Avigdor Lieberman, of the secularist right-wing Yisrael Beitenu party, has now served as Finance Minister for almost three months. His approach to the role, once a subject of conjecture, is starting to become clear. Those who thought that as Finance Minister, Lieberman would act as he did while Defense Minister under Prime Minister Benjamin Netanyahu from 2016 through 2018 — that he would align with the spirit of the ministry and back up its civil servants — were wrong. Also mistaken were those who thought that Lieberman’s extremist rhetoric was simply hyperbole and that his actual governance would reflect a responsible centrism. Lieberman may have entered the Ministry of Finance as an unknown quantity, but the press briefing he held last Wednesday settles the matter: Lieberman is an ideologue. Right-wing and conservative economic policies are in his blood.
Esteemed experts such as Governor of the Bank of Israel Amir Yaron and retired Supreme Court Justice Elyakim Rubinstein have come out in opposition to the Finance Minister’s budget and reforms, warning of their potential threat to Israeli democracy. It doesn’t bother Lieberman.
As one of the veteran politicians in Israel, and having served as Foreign Minister, Lieberman has undoubtedly heard that the United States and Europe are investing trillions of dollars and euros into their economies in a response to the pandemic. French Finance Minister Bruno Le Maire compared the effort to the massive investment that had been required to pull France out of a recession “at the end of World War II.”
Throughout the Western world, countries are responding to the pandemic by establishing “New Deals”, supported by all the major economic institutions: the World Bank, the International Monetary Fund, the European Union, the Federal Reserve, and more. The COVID-19 crisis has necessitated the restoration of economies, infrastructure, and the semi-obsolete employment market, as well as the promotion of a move towards renewable energy alternatives.
But Lieberman contests this global economic consensus on an ideological level. “We are not the United States,” he declared in his first weeks in his new role. “We cannot just print money,” or in an updated version: “We do not have money to drop from a helicopter.”
While other developed countries invest enormous resources in their economies, intended, among other goals, to reduce deep gaps created during COVID-19 and to give a boost to the working class, Lieberman is refusing financial assistance to the State of Israel.
One of the most controversial aspects of the Arrangements Law — the omnibus reform legislation presented alongside the state budget — is the proposed agricultural reform, which would significantly reduce tariffs on fruits, vegetables, and eggs, threatening the livelihoods of many Israeli farmers as well as Israel’s food security. Lieberman is taking a hard line on the reform. In a press briefing, he said: “I will abolish the tax on imports, even if the agricultural reform is removed from the Arrangements Law.”
Lieberman is hardening his position on the agricultural reform in the face of opposition from members of the coalition, and shows no qualms about steamrolling Israeli farmers. His attitude is reminiscent of Netanyahu's heavy-handedness in the 2003 budget process, slashing budgets for myriad social programs.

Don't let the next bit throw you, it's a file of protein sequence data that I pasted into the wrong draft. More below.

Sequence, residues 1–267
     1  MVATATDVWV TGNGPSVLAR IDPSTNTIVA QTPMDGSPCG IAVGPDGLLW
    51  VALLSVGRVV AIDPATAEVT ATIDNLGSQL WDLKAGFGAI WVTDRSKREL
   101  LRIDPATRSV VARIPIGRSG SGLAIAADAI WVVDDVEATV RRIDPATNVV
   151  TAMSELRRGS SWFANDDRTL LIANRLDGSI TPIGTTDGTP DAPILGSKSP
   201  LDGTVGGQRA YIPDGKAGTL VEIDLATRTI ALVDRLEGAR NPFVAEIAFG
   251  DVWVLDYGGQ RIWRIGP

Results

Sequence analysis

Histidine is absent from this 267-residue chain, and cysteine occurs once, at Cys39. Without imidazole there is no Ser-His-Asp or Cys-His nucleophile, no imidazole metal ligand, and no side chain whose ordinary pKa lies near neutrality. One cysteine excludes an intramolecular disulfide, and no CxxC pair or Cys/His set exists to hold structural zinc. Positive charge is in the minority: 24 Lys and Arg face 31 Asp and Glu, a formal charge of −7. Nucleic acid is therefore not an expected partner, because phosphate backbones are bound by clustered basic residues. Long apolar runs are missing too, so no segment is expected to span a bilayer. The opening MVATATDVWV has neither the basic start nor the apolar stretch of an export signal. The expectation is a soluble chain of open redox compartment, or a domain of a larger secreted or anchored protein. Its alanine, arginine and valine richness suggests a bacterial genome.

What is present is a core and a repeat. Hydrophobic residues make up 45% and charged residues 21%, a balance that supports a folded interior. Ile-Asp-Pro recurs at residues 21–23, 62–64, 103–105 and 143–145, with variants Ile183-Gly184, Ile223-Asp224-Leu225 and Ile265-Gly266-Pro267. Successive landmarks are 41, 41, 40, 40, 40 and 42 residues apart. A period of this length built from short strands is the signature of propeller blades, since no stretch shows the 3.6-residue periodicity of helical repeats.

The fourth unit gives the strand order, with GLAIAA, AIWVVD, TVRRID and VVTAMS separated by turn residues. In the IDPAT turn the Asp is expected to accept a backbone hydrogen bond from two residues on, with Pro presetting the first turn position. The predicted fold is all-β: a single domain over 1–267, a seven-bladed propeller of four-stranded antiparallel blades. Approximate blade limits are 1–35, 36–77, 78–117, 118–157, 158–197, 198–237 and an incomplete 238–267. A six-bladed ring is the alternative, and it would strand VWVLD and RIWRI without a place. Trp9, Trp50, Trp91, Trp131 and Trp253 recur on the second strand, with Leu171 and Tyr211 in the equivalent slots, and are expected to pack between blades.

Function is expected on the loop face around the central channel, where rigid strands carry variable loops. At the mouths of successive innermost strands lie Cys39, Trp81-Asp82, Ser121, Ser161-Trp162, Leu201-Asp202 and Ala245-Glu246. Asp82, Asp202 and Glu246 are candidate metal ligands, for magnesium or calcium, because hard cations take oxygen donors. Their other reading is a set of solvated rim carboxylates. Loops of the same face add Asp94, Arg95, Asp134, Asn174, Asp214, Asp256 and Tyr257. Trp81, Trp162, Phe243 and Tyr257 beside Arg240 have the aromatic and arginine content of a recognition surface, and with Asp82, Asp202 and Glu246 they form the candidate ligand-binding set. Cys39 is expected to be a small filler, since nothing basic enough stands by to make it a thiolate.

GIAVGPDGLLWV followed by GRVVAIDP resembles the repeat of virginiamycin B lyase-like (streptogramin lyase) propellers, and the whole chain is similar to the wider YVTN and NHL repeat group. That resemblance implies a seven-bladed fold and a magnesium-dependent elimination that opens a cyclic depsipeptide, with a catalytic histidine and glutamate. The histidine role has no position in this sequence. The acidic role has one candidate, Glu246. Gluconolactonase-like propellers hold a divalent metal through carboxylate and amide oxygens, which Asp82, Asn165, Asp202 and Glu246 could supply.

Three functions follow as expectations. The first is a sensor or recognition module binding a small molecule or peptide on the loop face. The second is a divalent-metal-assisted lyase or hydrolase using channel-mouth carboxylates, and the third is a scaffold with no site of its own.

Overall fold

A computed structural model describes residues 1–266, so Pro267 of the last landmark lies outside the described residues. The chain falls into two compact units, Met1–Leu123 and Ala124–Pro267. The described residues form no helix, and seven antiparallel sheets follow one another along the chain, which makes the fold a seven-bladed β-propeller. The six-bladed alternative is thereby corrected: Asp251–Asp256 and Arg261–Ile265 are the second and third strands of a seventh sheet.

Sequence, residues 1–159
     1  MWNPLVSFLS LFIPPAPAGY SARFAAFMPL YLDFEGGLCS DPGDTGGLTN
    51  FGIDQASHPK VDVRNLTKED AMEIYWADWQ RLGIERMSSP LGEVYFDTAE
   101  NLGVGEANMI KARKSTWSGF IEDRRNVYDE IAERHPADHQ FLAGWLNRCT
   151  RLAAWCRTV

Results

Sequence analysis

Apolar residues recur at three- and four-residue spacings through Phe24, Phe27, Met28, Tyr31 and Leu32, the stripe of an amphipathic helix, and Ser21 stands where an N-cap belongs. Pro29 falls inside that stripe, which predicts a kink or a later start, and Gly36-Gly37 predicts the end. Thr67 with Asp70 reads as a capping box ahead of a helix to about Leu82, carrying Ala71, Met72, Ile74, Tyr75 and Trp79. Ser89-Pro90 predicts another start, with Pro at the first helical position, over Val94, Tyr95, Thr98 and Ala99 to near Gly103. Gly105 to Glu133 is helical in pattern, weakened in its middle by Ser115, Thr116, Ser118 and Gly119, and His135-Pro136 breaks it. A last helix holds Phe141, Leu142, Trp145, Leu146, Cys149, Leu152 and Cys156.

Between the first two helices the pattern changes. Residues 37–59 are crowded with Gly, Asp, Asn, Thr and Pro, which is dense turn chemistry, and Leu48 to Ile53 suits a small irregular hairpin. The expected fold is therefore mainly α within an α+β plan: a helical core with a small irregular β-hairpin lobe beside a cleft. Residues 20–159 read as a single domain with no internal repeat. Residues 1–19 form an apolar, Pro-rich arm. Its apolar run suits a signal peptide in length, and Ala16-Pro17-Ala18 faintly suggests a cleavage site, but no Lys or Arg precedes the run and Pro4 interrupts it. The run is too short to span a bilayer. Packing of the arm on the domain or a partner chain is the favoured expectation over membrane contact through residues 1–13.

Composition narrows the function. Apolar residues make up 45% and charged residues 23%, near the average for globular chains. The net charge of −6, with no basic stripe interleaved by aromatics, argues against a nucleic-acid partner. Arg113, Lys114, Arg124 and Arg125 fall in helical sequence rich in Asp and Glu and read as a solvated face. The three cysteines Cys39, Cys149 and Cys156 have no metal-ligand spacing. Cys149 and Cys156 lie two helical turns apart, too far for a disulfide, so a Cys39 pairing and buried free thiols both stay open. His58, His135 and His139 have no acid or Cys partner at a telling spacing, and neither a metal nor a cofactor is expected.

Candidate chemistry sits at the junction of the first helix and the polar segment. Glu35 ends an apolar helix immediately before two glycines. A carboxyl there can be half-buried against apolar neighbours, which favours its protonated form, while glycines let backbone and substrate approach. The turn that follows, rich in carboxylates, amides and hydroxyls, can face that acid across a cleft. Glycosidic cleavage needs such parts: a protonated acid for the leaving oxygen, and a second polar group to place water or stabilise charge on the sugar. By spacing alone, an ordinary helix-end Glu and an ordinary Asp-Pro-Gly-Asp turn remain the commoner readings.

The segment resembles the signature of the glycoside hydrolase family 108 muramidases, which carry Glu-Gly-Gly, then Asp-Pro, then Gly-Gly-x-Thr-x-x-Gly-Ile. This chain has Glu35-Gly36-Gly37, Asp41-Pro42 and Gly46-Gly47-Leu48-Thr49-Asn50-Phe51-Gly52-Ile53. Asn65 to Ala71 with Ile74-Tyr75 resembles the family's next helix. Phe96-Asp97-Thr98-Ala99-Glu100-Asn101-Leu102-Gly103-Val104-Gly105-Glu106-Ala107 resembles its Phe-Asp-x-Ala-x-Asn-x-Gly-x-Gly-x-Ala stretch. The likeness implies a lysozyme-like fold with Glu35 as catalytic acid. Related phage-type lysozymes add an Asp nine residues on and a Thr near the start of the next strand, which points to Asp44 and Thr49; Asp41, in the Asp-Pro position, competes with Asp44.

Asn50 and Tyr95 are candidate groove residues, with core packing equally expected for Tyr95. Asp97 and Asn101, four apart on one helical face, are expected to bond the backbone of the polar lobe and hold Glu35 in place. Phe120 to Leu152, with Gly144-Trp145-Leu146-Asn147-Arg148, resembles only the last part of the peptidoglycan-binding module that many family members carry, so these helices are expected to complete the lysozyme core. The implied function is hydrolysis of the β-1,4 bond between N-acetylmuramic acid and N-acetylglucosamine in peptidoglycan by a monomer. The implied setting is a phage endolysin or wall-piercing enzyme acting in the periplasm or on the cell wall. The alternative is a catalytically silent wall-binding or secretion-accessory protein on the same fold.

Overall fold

Israeli farmers have come out in force against the proposed reforms, which would offer direct payments to farmers as a sort of consolation for the lowered tariffs, but in amounts so low that some farmers have described them as “a slap in the face.” Lieberman is unmoved by the outcry from the farmers, saying that if they rally against the proposed reform they will end up with the same lowered tariffs but without the conciliatory payments. “It’s a shame for the farmers,” he said. “If the reform doesn’t pass, I’ll save 3 billion shekels [that would have been put to direct aid.] I won’t back down on this. I’m going to remove the imports tax with or without the agricultural reform. The reform is only needed in order to transfer aid, that's all. If it doesn’t pass, I’ll be sorry, but the tariffs will still be removed.”
Lieberman also said that he does not intend to compensate businesses despite restrictions on the economy (“We’ll see how things go”); that he is in no hurry to provide a safety net to the airlines ("Maybe we don’t need so many planes or employees"); and that he is happy about the cancellation of unemployment benefits for those aged 45 and under, even though hundreds of thousands are still unemployed and turning to government-provided income support (“We have accelerated the pace of the return to work"). Not only is Lieberman not a pragmatist, he is also making no effort to disguise his bleak vision for society.
In both actions and rhetoric, Lieberman seeks to undermine any hope for an alternative economic policy to the neoliberalism that has been practiced in Israel for the past four decades. COVID-19 showed us the cracks in the neoliberal worldview, leading many to realize that a crisis of this sort requires investment in the public sector and an increased social safety net. Not so for Lieberman.
During Netanyahu’s tenure as Finance Minister from 2003 through 2005, which was characterized by brutal economic reforms, he was once asked whether he wanted to return to being Prime Minister. “Now I'm finally doing what I came to politics to do, precisely as Finance Minister,” he responded. Netanyahu was the architect of Israel’s right-wing economy in recent decades. Lieberman may see himself as his successor. And the red carpet is being laid out for him by the left-wing “social democratic” parties who are refusing to put up a fight.